Originally Posted by AiniA
As a foreign cruiser who has visited 40 or so countries but not the EU, I find the rules in Europe pretty complicated, sounds like you need a full-time scheduler if not a lawyer. Arab Spring certainly has not helped. Also it seems like a very expensive place to cruise with limited anchoring
opportunities in many places. As many European cruisers said in various places around the world, 'Why do you think we are here?'
If we decide to go to Europe I can get right of residency in Britain because my parents were born there. Have to figure out how that works - British resident (does that apply to wife?), Canadian-flagged boat.
BTW, the US is much easier. If only all the CBP people knew their own rules it would be terrific.
Europe is a big place, so you can't make a generalization like "very expensive . . . limited anchoring . . ."
The Western Med in summer could possibly be described like that, but certain not the Eastern Med, European Atlantic coasts, or the Baltic
. It is a vast and multifaceted region for cruisers.
Compared to the U.S., marinas
are generally cheaper, often much cheaper, other than possibly the Cote d'Azur in summer. Anchoring possibilities depend, like everywhere, on the coastline, but on average are no worse than in the U.S. (you need a whole lot of anchor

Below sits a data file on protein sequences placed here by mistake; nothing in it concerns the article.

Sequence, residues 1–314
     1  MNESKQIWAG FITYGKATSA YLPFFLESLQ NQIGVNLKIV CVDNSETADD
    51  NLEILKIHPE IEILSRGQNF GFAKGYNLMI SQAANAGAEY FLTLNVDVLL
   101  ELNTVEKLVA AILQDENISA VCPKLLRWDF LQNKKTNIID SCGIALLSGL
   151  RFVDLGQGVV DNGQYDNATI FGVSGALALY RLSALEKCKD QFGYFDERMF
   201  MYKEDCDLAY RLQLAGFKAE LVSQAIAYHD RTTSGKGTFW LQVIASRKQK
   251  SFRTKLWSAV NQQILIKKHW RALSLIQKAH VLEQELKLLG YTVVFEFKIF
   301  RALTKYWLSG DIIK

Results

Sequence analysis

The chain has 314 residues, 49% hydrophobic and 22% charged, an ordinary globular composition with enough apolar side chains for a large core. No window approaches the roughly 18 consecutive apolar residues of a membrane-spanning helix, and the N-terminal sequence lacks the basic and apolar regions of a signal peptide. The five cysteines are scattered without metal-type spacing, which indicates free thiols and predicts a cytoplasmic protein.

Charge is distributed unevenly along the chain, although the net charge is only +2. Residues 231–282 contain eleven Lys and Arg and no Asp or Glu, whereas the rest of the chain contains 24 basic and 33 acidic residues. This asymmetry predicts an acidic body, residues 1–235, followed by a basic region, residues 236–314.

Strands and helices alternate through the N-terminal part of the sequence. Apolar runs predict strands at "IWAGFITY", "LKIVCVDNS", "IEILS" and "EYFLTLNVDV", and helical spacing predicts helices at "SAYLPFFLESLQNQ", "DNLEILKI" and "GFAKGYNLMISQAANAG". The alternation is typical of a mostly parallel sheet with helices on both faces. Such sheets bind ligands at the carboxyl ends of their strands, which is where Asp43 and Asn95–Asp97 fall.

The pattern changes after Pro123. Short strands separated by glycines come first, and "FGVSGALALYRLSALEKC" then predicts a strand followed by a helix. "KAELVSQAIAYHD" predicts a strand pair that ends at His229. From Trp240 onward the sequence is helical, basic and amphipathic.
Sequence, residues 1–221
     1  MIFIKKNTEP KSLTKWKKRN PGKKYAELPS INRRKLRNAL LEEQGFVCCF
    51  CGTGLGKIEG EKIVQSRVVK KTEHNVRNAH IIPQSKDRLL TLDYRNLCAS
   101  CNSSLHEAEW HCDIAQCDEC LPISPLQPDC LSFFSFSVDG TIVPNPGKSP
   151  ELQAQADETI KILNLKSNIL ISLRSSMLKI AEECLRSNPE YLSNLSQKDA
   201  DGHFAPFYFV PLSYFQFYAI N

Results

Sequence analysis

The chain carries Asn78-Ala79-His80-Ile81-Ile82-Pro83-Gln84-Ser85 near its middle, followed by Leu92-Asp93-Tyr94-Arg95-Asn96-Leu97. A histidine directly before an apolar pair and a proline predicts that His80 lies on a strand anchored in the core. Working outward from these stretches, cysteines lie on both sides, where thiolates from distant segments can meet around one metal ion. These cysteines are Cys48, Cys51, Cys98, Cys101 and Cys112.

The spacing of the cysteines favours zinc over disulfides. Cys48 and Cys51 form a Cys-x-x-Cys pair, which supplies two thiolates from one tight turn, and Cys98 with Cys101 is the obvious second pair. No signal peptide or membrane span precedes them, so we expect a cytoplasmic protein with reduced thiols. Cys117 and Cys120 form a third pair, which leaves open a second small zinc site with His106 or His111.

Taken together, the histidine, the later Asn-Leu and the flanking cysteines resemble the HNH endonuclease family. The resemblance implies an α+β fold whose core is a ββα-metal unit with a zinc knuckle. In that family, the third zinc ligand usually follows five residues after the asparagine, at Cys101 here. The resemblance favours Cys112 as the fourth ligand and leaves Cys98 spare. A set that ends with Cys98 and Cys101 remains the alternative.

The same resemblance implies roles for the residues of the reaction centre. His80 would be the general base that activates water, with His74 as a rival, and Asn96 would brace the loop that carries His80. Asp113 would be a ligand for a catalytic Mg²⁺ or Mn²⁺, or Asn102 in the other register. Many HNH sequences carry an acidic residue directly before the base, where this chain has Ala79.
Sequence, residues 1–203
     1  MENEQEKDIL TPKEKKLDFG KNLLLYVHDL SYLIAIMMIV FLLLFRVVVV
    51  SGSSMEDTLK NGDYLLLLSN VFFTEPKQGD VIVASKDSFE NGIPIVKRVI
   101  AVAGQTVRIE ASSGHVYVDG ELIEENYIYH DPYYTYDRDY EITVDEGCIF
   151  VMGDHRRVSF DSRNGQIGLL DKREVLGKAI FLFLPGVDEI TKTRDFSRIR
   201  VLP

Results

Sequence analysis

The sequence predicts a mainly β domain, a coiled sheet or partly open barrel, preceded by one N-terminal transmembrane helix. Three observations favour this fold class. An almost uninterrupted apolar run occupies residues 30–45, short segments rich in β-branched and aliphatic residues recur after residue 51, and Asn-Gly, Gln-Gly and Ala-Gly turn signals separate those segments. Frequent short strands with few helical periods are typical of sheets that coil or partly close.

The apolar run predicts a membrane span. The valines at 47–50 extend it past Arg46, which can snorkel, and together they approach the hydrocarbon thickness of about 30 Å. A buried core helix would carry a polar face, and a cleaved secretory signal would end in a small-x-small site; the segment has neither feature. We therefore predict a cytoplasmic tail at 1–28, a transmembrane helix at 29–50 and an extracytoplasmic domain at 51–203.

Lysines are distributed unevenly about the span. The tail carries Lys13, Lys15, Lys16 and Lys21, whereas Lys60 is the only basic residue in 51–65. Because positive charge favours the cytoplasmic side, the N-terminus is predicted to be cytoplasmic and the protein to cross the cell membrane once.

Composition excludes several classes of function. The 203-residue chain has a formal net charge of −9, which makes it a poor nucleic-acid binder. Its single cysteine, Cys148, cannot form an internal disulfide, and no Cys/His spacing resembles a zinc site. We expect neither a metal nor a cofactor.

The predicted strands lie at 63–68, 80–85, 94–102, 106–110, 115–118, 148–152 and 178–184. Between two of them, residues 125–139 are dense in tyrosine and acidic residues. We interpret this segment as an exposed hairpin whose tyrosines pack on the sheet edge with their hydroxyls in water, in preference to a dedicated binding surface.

chain in parts
of the European Atlantic with big tides). If you want an absolutely ideal place from this point of view, try Atlantic France
-- dirt cheap marinas
, fabulous anchorages
, friendly people, incomparable food
, wild, gorgeous coastline, challenging sailing -- and remember, Europe is first world, so there are many advantages compared to cruising in less civilized parts
of the world.
Visa and tax rules are not more complicated than the U.S. Non-Americans cannot sail into U.S. waters without a paper visa, even if they are citizens of visa-waiver countries. And they had sure better not overstay their visas. Every state has its own tax and cruising permit
rules, and if you mix up or forget how long you are allowed to stay without paying, you are screwed. This is no different than Europe, probably more complicated. Most European countries do not require cruising permits.
European coast guards and officialdom are different in different countries, but are generally much more relaxed and friendly than in the U.S., with less frequent boardings and hassles. I have crossed a couple of dozen times between the U.S., France
, and Channel Islands -- all of which events
require either immigration clearance, or customs
, or both. The French simply refuse to carry out any formalities, and just wave you on your way, if you can even find an official. For the last year or two I have stopped chasing officials and just hoist a "Q" flag for a day or two, and then just pull it down when no one shows up. In the UK, both customs
and immigration are done over the telephone in less than a minute, if you remember to think about it (few people do). In the Channel Islands, you fill out a form and drop it in the harbormaster's post box.
Cruising in Europe is really extremely low hassle and extremely high pleasure. The only problem, as pointed out by Kenomac, is that it is often cold. Global warming is letting us down here
. Central heating
and good clothes go far to mitigating this particular disadvantage.